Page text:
WHAT MIGHT A NO DEAL BREXIT MEAN TO US?
When the Referendum took place on 23 June 2016 we were asked one simple question; did we want to remain in the European Union or not? The answer was ‘No’ - by a margin of almost 4 per cent across the country. In the constituency of Beckenham that margin was much closer with those that wanted to remain being just more than those that wanted to leave (but less than one per cent). My postbag confirms this too. On BREXIT about half of my constituents argue that we should scrap the Referendum result and stay in the European Union whilst the other half ask why we are simply not leaving immediately as directed by that result.
Since June 2016 the negotiations to leave the European Union have been hugely disappointing as far as I am concerned. Our negotiators have bent over backwards to make a deal with Brussels and such efforts are not reciprocated as the other side believes (with some justification) that the British Government seems not to want to leave; so not one single concession of substance has been made.
I have negotiated many deals myself – admittedly they were mainly ceasefire deals in the Bosnian conflict when I was the British UN Commander there – but the principles of bargaining are much the same. But one thing I realised is that in arbitration you must start with a clear idea of what you want, with red lines that are clear and a determination to negotiate well. To do otherwise is dangerous and looks weak; indeed it could be interpreted as capitulation. We seem to have offered so much to the European Union and it has offered back - precisely nothing.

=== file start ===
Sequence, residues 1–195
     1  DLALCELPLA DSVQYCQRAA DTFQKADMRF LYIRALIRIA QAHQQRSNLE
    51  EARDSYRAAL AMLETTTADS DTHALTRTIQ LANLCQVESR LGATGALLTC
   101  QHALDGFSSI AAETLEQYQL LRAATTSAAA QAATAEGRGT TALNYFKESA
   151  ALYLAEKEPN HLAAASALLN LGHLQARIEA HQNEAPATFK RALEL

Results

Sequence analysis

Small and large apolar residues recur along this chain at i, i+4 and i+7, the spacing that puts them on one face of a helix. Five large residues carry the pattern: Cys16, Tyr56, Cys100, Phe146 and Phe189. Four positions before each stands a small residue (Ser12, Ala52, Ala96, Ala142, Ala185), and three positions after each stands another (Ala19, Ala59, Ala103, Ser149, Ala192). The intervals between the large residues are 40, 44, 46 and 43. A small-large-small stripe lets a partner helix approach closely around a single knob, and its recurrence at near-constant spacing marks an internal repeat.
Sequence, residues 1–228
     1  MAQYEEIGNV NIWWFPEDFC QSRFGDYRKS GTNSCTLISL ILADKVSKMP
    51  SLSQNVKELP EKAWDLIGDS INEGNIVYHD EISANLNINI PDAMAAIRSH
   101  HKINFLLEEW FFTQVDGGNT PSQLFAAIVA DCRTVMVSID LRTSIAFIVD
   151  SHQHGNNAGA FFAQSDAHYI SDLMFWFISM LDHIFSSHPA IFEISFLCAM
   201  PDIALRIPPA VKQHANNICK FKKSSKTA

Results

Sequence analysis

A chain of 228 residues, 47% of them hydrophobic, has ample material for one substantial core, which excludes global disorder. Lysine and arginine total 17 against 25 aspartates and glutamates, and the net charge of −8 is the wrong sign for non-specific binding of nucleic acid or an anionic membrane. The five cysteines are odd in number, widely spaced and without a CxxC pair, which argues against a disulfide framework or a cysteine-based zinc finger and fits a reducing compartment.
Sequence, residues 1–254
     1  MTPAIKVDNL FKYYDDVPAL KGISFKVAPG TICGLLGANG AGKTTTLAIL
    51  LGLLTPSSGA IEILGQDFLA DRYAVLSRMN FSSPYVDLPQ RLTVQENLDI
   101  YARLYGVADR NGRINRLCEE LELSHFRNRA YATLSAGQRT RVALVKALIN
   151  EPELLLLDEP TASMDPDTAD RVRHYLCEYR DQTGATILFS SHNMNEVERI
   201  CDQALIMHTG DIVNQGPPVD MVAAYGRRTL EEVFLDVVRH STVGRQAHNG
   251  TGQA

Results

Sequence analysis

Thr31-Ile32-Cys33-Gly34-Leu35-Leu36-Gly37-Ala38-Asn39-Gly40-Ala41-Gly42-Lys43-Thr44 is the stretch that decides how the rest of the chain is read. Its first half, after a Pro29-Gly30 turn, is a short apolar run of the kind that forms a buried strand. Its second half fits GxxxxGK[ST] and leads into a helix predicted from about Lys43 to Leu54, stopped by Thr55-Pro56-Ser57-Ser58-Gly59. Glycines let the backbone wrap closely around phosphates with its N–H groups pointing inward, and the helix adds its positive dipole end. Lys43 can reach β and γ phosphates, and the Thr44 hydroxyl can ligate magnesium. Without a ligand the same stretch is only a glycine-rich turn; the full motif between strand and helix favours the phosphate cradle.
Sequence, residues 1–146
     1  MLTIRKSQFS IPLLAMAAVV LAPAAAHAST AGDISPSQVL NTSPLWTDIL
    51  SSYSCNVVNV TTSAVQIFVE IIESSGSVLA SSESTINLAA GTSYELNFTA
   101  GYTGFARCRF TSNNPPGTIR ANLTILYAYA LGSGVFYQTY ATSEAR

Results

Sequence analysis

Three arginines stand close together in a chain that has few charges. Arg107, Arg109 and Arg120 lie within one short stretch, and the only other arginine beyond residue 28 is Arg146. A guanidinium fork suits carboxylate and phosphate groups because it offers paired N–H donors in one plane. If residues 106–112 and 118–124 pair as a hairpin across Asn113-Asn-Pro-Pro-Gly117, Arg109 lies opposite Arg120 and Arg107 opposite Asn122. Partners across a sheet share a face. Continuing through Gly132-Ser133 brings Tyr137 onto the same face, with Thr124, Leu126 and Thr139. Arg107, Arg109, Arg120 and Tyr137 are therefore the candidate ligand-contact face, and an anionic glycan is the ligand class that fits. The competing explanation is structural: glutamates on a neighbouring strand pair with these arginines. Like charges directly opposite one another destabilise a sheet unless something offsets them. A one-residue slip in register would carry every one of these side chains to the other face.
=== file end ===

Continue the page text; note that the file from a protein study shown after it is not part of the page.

We saw this when our then Prime Minister, David Cameron went to Brussels to get some concessions which he could then sell to the British people to convince them to stay in the European Union. He achieved nought and returned with no concessions because the European Union thought that neither Mr Cameron nor indeed the British people would vote to leave. On the latter point Brussels was clearly wrong by almost 4 per cent.
Thereafter it has been much the same story. The European Union believes Mrs May is so desperate for a deal that she will accept one at any price. But that price seems mighty high to me if the deal we have on the table is it. I totally understand why Brussels is so against the UK leaving the European Union. We provide about 1/6th of its income and already it has real problems balancing its books.
We would be shackled to Brussels by its conditions, without any say in what happens in in the European Union and consequently in the UK as well. Personally I would prefer to remain in the European Union than accept the deal offered by Mrs May.